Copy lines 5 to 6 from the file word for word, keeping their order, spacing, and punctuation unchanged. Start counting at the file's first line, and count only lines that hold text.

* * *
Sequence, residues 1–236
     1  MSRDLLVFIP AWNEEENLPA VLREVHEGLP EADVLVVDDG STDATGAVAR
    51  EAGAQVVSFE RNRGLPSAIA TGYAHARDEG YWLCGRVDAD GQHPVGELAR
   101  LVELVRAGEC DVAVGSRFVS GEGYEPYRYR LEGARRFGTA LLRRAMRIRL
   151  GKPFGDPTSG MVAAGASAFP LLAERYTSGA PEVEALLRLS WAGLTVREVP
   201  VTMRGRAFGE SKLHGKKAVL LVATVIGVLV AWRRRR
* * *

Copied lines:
   151  GKPFGDPTSG MVAAGASAFP LLAERYTSGA PEVEALLRLS WAGLTVREVP
   201  VTMRGRAFGE SKLHGKKAVL LVATVIGVLV AWRRRR